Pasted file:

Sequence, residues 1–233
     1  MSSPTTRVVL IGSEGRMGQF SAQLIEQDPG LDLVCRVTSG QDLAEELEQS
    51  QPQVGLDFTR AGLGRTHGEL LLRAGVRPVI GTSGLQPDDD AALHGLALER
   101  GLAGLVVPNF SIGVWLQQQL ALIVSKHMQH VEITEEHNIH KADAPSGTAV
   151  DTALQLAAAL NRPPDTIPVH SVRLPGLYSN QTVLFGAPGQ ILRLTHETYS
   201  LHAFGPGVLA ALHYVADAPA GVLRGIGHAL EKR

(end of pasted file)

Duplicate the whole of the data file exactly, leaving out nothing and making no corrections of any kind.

Sequence, residues 1–233
     1  MSSPTTRVVL IGSEGRMGQF SAQLIEQDPG LDLVCRVTSG QDLAEELEQS
    51  QPQVGLDFTR AGLGRTHGEL LLRAGVRPVI GTSGLQPDDD AALHGLALER
   101  GLAGLVVPNF SIGVWLQQQL ALIVSKHMQH VEITEEHNIH KADAPSGTAV
   151  DTALQLAAAL NRPPDTIPVH SVRLPGLYSN QTVLFGAPGQ ILRLTHETYS
   201  LHAFGPGVLA ALHYVADAPA GVLRGIGHAL EKR